Opinion: Another minimum wage, job killing initiative is on the ballot in Tukwila this fall

Mark Harmsworth of the Washington Policy Center discusses the harm imposed by a high minimum wage.

Mark Harmsworth of the Washington Policy Center discusses the harm imposed by a high minimum wage

Mark Harmsworth
Washington Policy Center

Voters in the city of Tukwila will be asked to approve an almost 20 percent hike in the minimum wage to over $17 on this November’s ballot. Following in the footsteps of the cities of Seattle and SeaTac, the Tukwila wage increase will destroy jobs, reduce available work hours, and will cause further inflation. Businesses will often relocate away from areas that have high minimum wages creating longer commutes for workers that chose to stay with the employer or elimination of the jobs completely.

Mark Harmsworth, Washington Policy Center
Mark Harmsworth, Washington Policy Center

Nowhere is the harm imposed by a high minimum wage demonstrated more clearly than in Seattle, where the city council has aggressively increased the minimum wage over the last few years. The rash of restaurant closures and lost jobs can be attributed, in many cases, directly to the additional fiscal cost the minimum wage increases have caused.

Now, apparently, Tukwila wants to follow Seattle’s poor example.

Seattle residents saw store closures and jobs eliminated when the Seattle City Council voted to add an additional $4 per hour during a state of emergency. The city of Bellingham had a similar initiative rejected recently when the voters voted against a labor funded initiative to add a $4 hazard pay to Bellingham workers.

A recent study by the University of Washington has shown that Seattle’s $15 minimum wage “did little to offset widening inequality”. This conclusion matches the research done across the United States and work that the Washington Policy Center has done over the last decade on the effect of artificially high, government set, minimum wage policies.

This is continuing the pattern of increasing taxes on local businesses by local councils that puts the city at a disadvantage with neighboring cities.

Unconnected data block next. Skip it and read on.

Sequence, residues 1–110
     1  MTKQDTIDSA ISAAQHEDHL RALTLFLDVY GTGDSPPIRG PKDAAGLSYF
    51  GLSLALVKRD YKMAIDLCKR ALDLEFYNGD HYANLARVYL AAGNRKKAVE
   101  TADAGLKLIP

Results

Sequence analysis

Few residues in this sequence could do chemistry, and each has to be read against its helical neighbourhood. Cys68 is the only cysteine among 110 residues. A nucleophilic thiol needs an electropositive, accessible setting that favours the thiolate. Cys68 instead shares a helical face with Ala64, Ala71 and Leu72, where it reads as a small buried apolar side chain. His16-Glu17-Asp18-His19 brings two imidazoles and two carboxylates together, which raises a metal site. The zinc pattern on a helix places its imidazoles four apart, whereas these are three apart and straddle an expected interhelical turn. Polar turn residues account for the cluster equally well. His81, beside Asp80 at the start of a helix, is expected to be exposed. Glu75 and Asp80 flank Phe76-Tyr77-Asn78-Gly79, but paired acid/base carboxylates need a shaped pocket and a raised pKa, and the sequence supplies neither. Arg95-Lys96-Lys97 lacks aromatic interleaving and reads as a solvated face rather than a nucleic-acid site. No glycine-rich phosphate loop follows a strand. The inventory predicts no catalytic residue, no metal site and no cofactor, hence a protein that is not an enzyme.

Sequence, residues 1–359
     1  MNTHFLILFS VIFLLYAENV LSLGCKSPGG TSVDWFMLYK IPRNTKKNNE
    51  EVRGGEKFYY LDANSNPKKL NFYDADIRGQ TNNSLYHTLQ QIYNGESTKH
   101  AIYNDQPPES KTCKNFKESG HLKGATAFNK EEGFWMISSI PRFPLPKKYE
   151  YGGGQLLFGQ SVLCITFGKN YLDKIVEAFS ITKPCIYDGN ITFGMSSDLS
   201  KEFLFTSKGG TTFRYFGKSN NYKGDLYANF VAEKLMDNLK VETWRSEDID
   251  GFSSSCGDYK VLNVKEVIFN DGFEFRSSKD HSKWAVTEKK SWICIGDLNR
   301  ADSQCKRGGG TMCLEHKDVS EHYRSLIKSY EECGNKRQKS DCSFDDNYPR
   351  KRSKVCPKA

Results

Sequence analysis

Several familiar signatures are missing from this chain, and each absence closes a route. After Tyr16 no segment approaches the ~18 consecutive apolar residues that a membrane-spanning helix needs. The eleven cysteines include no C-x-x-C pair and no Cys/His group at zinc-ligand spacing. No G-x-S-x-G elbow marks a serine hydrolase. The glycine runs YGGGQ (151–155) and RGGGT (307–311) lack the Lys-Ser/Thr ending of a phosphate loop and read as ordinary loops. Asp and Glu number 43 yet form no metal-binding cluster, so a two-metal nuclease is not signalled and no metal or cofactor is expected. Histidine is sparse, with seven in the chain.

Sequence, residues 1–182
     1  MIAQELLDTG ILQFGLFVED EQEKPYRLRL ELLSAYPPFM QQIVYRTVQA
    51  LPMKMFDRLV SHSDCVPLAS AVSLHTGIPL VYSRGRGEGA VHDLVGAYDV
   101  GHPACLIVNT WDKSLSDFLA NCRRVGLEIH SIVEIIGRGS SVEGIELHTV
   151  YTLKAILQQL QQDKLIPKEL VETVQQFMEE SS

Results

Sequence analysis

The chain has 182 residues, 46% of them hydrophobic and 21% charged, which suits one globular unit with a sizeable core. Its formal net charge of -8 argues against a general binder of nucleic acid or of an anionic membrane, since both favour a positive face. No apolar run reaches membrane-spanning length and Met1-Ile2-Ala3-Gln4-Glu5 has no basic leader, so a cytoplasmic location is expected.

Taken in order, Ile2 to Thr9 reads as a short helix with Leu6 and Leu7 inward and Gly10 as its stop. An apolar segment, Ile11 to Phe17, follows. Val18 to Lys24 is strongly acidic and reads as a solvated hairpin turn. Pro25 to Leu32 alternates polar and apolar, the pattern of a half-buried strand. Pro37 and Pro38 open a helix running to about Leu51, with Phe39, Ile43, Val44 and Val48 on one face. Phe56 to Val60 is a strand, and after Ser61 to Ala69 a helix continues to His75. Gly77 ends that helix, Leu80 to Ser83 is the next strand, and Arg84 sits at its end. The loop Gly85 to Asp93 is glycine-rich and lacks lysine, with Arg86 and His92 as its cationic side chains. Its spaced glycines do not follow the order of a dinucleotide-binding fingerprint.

The Seattle Metro Chamber, states on its website that more than 210 stores and businesses have permanently closed in Seattle since the start of the pandemic, along with the loss of tens of thousands of jobs. City budget projections warned that increases to payroll would “add to business costs, possibly slow down the employment recovery, and make Seattle less attractive relative to other cities in the region.”

The obvious result of a high minimum wage is the pressure it puts on small business owners trying to make payroll. For many service industries such as restaurants, retail or hospitality, profit margins can be as low as 3 percent. Increasing minimum wage mandates wipe out that profit and can put a business into negative fiscal territory. Business owners are often forced to cut their operational costs. In other words, they are forced to lay off workers or reduce their hours.

As the University of Washington study concludes, “local minimum wage laws are not likely to substantially reduce earnings inequality”, it is obvious that government controls on wages, such as minimum wage and hazard pay have no long-term effects on workers’ overall income. The results of a high artificial minimum wage are exactly the opposite of the proponents desired result. High minimum wages reduce income and destroy jobs for those lower wage earners.

The good news is, all of this can be fixed with a change in policy and an undoing of the regressive taxes and policies that are currently in place. Washington is a beautiful place to live, our government should be working to make it affordable and attractive to businesses that want to be here.

Voters should reject the minimum wage hike this fall to allow Tukwila to compete for jobs and keep costs low.

Mark Harmsworth is the director of the Small Business Center at the Washington Policy Center.

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